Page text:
A set of 8-million-year-old teeth may have done just that. Researchers recently inspected the upper and lower jaw of an ancient European ape. Their conclusions suggest that humanity's forebearers may have arisen in Europe before migrating to Africa, potentially upending a scientific consensus that has stood since Darwin's day.
Rethinking humanity's origin story
The frontispiece of Thomas Huxley's Evidence as to Man's Place in Nature (1863) sketched by natural history artist Benjamin Waterhouse Hawkins. (Photo: Wikimedia Commons)
As reported in New Scientist, the 8- to 9-million-year-old hominin jaw bones were found at Nikiti, northern Greece, in the '90s. Scientists originally pegged the chompers as belonging to a member of Ouranopithecus, an genus of extinct Eurasian ape.
David Begun, an anthropologist at the University of Toronto, and his team recently reexamined the jaw bones. They argue that the original identification was incorrect. Based on the fossil's hominin-like canines and premolar roots, they identify that the ape belongs to a previously unknown proto-hominin.
The researchers hypothesize that these proto-hominins were the evolutionary ancestors of another European great ape Graecopithecus, which the same team tentatively identified as an early hominin in 2017. Graecopithecus lived in south-east Europe 7.2 million years ago. If the premise is correct, these hominins would have migrated to Africa 7 million years ago, after undergoing much of their evolutionary development in Europe.
Begun points out that south-east Europe was once occupied by the ancestors of animals like the giraffe and rhino, too. "It's widely agreed that this was the found fauna of most of what we see in Africa today," he told New Scientists. "If the antelopes and giraffes could get into Africa 7 million years ago, why not the apes?"
He recently outlined this idea at a conference of the American Association of Physical Anthropologists.
It's worth noting that Begun has made similar hypotheses before. Writing for the Journal of Human Evolution in 2002, Begun and Elmar Heizmann of the Natural history Museum of Stuttgart discussed a great ape fossil found in Germany that they argued could be the ancestor (broadly speaking) of all living great apes and humans.
"Found in Germany 20 years ago, this specimen is about 16.5 million years old, some 1.5 million years older than similar species from East Africa," Begun said in a statement then. "It suggests that the great ape and human lineage first appeared in Eurasia and not Africa."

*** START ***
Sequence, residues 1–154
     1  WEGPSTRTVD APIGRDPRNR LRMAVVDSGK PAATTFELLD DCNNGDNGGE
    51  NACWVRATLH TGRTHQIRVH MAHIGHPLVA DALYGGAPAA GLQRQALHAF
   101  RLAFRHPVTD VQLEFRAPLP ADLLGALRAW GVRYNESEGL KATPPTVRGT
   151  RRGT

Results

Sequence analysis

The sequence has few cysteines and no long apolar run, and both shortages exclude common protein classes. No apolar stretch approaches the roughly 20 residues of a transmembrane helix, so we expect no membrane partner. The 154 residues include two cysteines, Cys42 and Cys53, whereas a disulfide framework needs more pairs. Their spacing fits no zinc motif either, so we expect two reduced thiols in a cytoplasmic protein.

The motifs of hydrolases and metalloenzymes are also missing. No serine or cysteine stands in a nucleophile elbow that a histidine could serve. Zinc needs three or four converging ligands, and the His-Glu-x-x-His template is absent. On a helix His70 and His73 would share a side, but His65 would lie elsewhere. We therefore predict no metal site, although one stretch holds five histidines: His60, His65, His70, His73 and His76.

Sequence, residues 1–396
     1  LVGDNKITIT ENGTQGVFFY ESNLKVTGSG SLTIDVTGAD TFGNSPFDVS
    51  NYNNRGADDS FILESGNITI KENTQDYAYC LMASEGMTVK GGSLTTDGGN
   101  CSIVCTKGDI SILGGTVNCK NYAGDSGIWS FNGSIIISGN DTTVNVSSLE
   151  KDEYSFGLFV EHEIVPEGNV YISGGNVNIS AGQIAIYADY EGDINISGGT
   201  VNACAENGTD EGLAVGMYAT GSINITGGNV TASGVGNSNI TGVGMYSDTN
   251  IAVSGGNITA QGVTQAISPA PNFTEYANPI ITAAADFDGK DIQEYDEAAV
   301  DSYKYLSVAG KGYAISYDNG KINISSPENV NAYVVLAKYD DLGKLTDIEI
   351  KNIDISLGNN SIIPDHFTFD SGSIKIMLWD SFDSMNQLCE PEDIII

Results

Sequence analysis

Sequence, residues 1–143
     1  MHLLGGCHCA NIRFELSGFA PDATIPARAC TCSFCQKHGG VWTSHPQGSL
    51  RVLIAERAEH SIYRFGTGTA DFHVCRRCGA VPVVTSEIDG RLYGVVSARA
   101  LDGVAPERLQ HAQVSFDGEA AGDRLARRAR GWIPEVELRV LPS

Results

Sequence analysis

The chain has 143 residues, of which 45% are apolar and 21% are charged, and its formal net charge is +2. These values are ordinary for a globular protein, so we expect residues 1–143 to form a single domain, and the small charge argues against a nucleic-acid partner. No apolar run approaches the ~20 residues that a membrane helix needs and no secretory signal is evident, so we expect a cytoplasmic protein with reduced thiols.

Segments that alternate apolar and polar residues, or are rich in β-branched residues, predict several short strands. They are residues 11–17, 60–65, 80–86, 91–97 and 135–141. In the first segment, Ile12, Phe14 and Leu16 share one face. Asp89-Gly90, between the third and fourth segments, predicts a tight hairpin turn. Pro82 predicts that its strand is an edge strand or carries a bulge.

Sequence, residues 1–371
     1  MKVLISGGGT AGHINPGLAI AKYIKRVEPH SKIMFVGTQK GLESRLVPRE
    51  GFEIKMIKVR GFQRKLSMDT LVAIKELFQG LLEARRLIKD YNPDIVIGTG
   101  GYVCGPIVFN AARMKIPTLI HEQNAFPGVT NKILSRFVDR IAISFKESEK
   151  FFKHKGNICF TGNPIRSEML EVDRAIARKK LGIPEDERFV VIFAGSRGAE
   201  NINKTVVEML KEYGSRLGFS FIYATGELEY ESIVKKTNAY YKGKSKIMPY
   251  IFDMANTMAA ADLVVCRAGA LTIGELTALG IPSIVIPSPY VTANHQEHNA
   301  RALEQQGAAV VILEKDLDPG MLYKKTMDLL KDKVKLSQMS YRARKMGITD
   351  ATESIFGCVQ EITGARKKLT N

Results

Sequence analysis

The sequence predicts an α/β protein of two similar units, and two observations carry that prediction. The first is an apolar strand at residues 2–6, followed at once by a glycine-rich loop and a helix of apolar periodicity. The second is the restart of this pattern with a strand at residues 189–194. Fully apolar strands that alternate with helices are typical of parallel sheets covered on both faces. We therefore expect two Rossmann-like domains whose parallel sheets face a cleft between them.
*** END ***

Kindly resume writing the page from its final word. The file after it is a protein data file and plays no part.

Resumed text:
Migrating out of Africa
In the Descent of Man, Charles Darwin proposed that hominins descended out of Africa. Considering the relatively few fossils available at the time, it is a testament to Darwin's astuteness that his hypothesis remains the leading theory.
Since Darwin's time, we have unearthed many more fossils and discovered new evidence in genetics. As such, our African-origin story has undergone many updates and revisions since 1871. Today, it has splintered into two theories: the "out of Africa" theory and the "multi-regional" theory.
The out of Africa theory suggests that the cradle of all humanity was Africa. Homo sapiens evolved exclusively and recently on that continent. At some point in prehistory, our ancestors migrated from Africa to Eurasia and replaced other subspecies of the genus Homo, such as Neanderthals. This is the dominant theory among scientists, and current evidence seems to support it best — though, say that in some circles and be prepared for a late-night debate that goes well past last call.
The multi-regional theory suggests that humans evolved in parallel across various regions. According to this model, the hominins Homo erectus left Africa to settle across Eurasia and (maybe) Australia. These disparate populations eventually evolved into modern humans thanks to a helping dollop of gene flow.
Of course, there are the broad strokes of very nuanced models, and we're leaving a lot of discussion out. There is, for example, a debate as to whether African Homo erectus fossils should be considered alongside Asian ones or should be labeled as a different subspecies, Homo ergaster.
Proponents of the out-of-Africa model aren't sure whether non-African humans descended from a single migration out of Africa or at least two major waves of migration followed by a lot of interbreeding.
Did we head east or south of Eden?
Not all anthropologists agree with Begun and his team's conclusions. As noted by New Scientist, it is possible that the Nikiti ape is not related to hominins at all. It may have evolved similar features independently, developing teeth to eat similar foods or chew in a similar manner as early hominins.
Ultimately, Nikiti ape alone doesn't offer enough evidence to upend the out of Africa model, which is supported by a more robust fossil record and DNA evidence. But additional evidence may be uncovered to lend further credence to Begun's hypothesis or lead us to yet unconsidered ideas about humanity's evolution.
Here's the first evidence to challenge the "fastest sperm" narrative.